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The Church of the Holy Cross (Armenian: Surb Khach) on Akdamar Island, Turkey, was a cathedral of the Armenian Apostolic Church, built as a palace church for the kings of Vaspurakan and later serving as the seat of the Armenian Catholicosate of Aght'amar.
During his reign, King Gagik I Artsruni (r. 908-944) of the Armenian kingdom of Vaspurakan chose the island of Aght'amar as one of his residences founding a settlement there. The only structure standing from that period is the Cathedral. It was built of pink volcanic tufa by the architect-monk Manuel during the years 915-921, with an interior measuring 14.80m by 11.5m and the dome reaching 20.40m above ground. In later centuries, and until 1915, it formed part of a monastic complex, the ruins of which can still be seen to the south of the church.
Between 1116 and 1895 Aght'amar Island was the location of the Armenian Catholicosate of Aght'amar. Khachatur III, who died in 1895, was the last Catholicos of Aght'amar. In 1915, during the Armenian Genocide, the monks of Aght'amar were massacred, the church looted, and the monastic buildings destroyed.
The church remained disused through the decades after 1915. When the writer and journalist Yaşar Kemal visited the island of Akhtamar in 1951, he discovered that it was about to be demolished. Using his contacts he helped stop the planned destruction. The church became a noted tourist attraction in the coming decades. In 2005 the structure was closed to visitors as it underwent a heavy restoration, being opened as a museum by the Turkish government a year later.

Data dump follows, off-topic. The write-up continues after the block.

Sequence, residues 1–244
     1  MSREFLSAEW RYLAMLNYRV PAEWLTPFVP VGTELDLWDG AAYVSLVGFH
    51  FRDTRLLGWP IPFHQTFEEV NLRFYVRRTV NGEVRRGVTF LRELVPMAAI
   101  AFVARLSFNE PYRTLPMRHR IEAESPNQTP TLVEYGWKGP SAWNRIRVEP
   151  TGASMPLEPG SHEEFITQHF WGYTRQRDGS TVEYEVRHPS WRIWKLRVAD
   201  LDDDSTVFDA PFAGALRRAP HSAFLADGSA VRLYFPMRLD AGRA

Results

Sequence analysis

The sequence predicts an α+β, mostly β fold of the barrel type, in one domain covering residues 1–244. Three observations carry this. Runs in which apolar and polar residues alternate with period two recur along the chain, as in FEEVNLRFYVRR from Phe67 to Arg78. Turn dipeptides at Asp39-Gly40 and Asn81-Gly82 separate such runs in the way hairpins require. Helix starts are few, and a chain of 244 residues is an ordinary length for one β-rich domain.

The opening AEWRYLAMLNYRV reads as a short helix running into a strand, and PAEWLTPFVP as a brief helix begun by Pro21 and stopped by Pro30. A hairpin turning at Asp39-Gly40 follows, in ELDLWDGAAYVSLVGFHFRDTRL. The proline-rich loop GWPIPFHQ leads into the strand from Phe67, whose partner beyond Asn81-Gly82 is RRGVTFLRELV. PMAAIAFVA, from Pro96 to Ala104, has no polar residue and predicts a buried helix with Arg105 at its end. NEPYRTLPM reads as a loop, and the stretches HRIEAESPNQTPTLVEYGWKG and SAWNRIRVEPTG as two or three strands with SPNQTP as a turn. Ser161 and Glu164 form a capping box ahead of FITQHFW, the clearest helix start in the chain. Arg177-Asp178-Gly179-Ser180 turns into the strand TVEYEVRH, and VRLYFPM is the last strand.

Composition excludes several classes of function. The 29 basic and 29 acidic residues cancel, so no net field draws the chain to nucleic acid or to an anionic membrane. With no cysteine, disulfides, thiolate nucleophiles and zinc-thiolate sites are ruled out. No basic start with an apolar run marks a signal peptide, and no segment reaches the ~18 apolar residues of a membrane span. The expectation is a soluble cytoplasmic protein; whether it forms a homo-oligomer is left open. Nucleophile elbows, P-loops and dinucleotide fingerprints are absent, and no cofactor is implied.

The architecture of the church is based on a form that had been developed in Armenia several centuries earlier; the best-known example being that of the seventh century St. Hripsime church in Echmiadzin.
The unique importance of the Cathedral Church of the Holy Cross comes from the extensive array of bas-relief carving of mostly biblical scenes that adorn its external walls. The meanings of these reliefs have been the subject of much and varied interpretation. Some of this is speculation - for example, a few sources interpret Islamic and Turkic influences behind the artistic rendering of the reliefs, syncretised with Armenian influences. Some scholars assert that the friezes parallel contemporary motifs found in Umayyad art - such as a turbaned prince, Arab styles of dress, wine imagery; allusions to royal Sassanian imagery are also present (Griffins, for example).
Vandalism and de
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